Lisa Gibes is 50CAN’s vice president of strategy and external relations. She lives in San Francisco, CA.

Here are news and opinion stories educators, advocates, policy wonks and makers are talking about today:

News & analysis:
State education chiefs oppose delay in high-stakes test repercussions

A small group of state education officials is pushing back against a call by teachers unions for a moratorium on using standardized tests for evaluating students or teachers until states have completely implemented Common Core standards, a new way of teaching math and reading in grades kindergarten through 12th. (Washington Post) 

Group Launches Effort to Stimulate More Rural N.C. Charter Schools
One North Carolina school choice advocacy group is pushing to create more charter schools in rural counties. Like most states, North Carolina’s charter schools are clustered in urban areas. Eighty-five of the state’s 100 counties are rural, and only 37 of those have charter schools. That means 48 rural North Carolina counties don’t have a public charter option. Nationally, only 16 percent of all charter schools are rural, according to the National Alliance for Public Charter Schools. (Education Week – Rural Education) 

Jon Cetel: Don’t lay off by seniority: If we want first-rate schools, we must keep the best teachers

In the fall of 2010, Dominique, known by her students as “Ms. D,” voluntarily transferred to teach in one of Philadelphia’s most challenging high schools. She wasn’t alone. The principal had articulated a vision of building an excellent school by recruiting a dream team of passionate, hard-working teachers. (Pittsburgh Post-Gazette) 

View Point:
Michael Gerson: GOP fear of Common Core education standards unfounded

Modern conservatism comes in two distinct architectural styles. The first seeks to build from scratch, using accurate ideological levels and plumb lines, so every wall is straight and every corner squared. The goal of politics is to apply abstract principles in their purest form. But there is another type of conservatism, often practiced at the state level, which attempts to build out of flawed, existing materials, resulting in some odd angles and incongruous additions. These conservative reformers assemble unexpected alliances, accept reasonable compromises and welcome incremental progress. (Washington Post)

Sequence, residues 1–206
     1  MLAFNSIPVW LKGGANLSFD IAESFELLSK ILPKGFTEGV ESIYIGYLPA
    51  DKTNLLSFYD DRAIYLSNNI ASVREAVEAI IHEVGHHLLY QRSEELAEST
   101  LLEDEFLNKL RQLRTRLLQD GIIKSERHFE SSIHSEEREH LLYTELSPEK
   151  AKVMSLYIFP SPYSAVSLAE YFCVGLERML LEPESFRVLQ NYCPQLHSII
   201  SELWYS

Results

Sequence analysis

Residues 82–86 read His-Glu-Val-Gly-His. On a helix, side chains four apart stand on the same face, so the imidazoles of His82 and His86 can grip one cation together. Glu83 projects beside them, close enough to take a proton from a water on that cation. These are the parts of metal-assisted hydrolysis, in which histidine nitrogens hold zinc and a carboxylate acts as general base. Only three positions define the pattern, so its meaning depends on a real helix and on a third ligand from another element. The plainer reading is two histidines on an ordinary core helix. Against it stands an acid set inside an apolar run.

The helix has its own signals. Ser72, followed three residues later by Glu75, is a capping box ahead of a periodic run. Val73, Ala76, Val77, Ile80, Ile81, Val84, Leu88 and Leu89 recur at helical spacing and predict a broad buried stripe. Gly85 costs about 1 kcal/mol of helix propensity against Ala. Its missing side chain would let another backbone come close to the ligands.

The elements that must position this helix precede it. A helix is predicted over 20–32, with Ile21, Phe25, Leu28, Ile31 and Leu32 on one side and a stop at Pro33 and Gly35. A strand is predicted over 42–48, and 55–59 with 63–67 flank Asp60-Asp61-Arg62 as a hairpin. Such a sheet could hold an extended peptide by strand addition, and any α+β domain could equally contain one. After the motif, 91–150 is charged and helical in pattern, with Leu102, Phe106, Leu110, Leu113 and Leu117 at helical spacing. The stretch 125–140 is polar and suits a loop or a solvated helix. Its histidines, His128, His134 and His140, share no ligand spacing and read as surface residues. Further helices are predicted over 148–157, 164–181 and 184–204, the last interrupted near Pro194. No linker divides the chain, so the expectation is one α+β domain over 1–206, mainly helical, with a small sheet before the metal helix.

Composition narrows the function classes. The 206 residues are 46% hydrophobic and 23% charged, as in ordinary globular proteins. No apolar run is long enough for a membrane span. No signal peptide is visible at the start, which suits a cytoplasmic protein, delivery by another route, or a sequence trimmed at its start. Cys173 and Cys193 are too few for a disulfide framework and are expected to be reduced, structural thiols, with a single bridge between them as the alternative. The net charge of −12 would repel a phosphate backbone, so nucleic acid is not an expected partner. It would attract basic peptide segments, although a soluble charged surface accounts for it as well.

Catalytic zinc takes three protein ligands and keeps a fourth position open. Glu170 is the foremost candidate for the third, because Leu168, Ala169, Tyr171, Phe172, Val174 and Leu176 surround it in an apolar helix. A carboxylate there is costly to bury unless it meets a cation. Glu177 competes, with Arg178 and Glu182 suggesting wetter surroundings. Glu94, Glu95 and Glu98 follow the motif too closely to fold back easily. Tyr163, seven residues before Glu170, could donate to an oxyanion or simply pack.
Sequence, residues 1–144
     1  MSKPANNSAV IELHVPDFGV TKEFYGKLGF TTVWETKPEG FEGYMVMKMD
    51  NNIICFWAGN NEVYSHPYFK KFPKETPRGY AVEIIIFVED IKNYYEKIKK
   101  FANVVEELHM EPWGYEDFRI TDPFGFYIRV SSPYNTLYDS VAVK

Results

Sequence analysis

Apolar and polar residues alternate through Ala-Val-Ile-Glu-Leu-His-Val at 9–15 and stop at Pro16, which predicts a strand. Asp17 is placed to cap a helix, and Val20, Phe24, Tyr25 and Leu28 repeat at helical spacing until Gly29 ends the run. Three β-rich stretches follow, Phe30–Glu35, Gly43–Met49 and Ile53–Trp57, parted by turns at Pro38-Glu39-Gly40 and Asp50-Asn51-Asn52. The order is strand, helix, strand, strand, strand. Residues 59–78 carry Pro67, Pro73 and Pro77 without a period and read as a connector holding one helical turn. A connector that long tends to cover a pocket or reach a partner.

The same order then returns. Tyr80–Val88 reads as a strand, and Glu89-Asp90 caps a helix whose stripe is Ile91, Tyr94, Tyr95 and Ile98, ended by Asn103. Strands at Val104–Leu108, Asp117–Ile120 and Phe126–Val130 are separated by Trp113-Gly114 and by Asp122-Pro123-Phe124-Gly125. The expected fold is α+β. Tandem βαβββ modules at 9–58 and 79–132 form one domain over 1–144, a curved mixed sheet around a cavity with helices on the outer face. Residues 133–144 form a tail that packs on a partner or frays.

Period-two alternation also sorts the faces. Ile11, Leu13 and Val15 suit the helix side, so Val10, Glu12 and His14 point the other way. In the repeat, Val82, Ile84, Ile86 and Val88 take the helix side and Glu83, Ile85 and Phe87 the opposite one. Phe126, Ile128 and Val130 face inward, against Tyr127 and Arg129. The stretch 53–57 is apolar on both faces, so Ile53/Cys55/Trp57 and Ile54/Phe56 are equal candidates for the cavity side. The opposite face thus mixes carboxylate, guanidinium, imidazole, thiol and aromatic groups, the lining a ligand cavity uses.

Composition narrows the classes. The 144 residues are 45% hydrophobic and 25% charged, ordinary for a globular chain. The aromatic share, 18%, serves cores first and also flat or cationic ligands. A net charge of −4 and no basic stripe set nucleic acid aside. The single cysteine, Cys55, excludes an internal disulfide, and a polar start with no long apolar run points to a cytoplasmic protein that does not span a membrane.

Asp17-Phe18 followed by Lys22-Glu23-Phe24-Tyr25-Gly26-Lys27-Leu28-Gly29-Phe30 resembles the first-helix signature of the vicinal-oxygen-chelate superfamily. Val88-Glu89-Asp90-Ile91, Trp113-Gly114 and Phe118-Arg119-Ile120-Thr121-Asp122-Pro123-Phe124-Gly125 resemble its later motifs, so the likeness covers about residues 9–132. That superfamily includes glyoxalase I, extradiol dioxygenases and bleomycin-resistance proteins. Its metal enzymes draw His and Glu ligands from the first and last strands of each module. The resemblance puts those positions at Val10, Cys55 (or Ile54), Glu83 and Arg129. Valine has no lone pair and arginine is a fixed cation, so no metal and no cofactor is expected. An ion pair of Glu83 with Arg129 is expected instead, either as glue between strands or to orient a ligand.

Lisa Hansel: The Common Core Needs a Common Curriculum
The Common Core State Standards contain laudable goals for what students ought to be able to do. Attaining those goals, especially in English/language arts and literacy, depends on how schools interpret the standards’ call for a content-rich curriculum: “[W]hile the standards make references to some particular forms of content, … they do not … enumerate all or even most of the content that students should learn. The standards must therefore be complemented by a well-developed, content-rich curriculum.” (Education Week) 

Rick Hess: Superintendent Turnover: Passing the Baton v. Hitting Reset
As I noted on Friday, I spent the latter part of last week out in Clark County, Nevada, talking with local leaders and the local Public Education Foundation. The Clark County School District, which encompasses Las Vegas, is the nation’s fifth-largest school system (serving 310,000 kids). After two years in office, superintendent Dwight Jones unexpectedly stepped down two months ago. Nevada chief Jim Guthrie stepped down a short time later, after only about a year in office. This has all led to considerable, and understandable, consternation. Given the recent spate of superintendent openings in big school systems, e.g. Baltimore, Boston, Indianapolis, and so forth, this is a challenge with which a bunch of communities are wrestling. (Education Week – Rick Hess Straight Up) 



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